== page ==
A well-known implementation of VBC is Medicare’s Accountable Care Organizations (ACOs). The ACA established ACOs in an effort to lower health care costs by providing coordinated care. ACOs provide Medicare patients with networks of health care providers, including hospitals and physicians. The providers are paid based on the value of the treatment provided to the patient, and if the ACO saves Medicare money through the coordinated care program, the providers receive a portion of those savings back from Medicare as incentive for participating in the program.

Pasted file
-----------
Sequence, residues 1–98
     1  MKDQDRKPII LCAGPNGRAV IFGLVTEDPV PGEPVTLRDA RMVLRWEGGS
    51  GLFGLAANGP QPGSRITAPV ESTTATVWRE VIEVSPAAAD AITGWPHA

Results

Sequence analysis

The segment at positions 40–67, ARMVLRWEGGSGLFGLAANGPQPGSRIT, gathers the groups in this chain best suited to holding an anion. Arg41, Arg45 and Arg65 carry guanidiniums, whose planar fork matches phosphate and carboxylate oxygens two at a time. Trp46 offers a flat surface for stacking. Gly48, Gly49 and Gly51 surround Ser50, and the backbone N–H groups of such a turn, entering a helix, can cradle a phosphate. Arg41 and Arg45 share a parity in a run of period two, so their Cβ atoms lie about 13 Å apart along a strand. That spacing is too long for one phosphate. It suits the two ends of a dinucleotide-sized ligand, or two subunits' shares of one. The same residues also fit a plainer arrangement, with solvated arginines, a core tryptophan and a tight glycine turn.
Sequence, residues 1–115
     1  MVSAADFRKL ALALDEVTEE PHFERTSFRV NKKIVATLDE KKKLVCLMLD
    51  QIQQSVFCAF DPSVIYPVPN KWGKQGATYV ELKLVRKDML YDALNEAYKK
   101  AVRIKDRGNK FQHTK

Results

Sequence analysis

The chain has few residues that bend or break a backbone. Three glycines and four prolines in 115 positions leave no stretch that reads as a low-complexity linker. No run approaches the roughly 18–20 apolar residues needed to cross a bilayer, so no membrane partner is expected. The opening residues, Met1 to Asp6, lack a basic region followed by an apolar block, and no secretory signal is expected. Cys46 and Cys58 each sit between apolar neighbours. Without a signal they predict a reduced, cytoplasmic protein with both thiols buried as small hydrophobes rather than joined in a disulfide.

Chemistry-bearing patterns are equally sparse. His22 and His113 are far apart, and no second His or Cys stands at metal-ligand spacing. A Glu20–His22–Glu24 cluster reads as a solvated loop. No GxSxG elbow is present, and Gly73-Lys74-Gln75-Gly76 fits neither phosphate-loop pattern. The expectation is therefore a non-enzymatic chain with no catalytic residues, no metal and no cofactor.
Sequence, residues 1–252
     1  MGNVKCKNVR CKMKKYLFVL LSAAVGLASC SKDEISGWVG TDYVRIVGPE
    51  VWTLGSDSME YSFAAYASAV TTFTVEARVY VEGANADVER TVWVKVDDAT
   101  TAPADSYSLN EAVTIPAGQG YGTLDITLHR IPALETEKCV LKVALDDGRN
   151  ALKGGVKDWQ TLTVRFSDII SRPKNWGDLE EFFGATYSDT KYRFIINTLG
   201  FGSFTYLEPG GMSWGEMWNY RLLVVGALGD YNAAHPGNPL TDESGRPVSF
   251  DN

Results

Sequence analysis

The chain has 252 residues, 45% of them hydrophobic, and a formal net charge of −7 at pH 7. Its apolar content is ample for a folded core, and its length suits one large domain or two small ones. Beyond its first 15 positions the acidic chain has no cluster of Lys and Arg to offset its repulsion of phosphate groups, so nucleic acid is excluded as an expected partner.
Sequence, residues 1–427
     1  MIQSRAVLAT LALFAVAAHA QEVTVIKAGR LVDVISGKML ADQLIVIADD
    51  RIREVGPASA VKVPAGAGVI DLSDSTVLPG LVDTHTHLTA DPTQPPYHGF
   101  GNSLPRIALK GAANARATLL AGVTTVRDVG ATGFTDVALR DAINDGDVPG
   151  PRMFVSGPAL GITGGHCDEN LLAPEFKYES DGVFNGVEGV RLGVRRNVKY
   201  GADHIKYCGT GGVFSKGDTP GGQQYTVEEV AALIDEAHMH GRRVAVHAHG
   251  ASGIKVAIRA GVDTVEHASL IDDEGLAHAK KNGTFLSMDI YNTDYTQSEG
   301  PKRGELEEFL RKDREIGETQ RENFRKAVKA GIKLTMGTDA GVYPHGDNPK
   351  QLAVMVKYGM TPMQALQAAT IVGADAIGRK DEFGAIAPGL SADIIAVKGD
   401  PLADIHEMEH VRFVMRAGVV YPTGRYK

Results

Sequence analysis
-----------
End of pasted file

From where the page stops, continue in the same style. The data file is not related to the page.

An additional way to save money through coordinated care is by integrating mental health services into primary care services. The Southcentral Foundation in Alaska does this by instructing the primary physician to provide some basic mental health analysis and bring in a psychiatrist if necessary. This diminishes the stigma of mental health disorders for the patient, gives the patient access to care faster, and streamlines the entire process. From a pragmatic point of view, failing to provide mental health services costs the health care system money. Chronic diseases, such as hypertension, obesity, and diabetes are estimated by the CDC to account for 75% of health care spending and often co-occur with mental health issues. A 2012 report from Milliman cited Missouri’s Medicaid program for patients with chronic medical issues as a successful integration of behavioral and physical treatment. They found that for 6,757 patients with severe mental illness, they saved $8.3 million through their coordinated care program. Similarly, the Intermountain Healthcare Medical Group found that Mental Health Integration (MHI) clinic patients had a lower rate of growth of expenses compared to the traditional care group. MHI patients’ expenses grew 10% slower than traditional patients and found that depressed patients were 54% less likely to visit the emergency room than depressed patients in traditional care hospitals.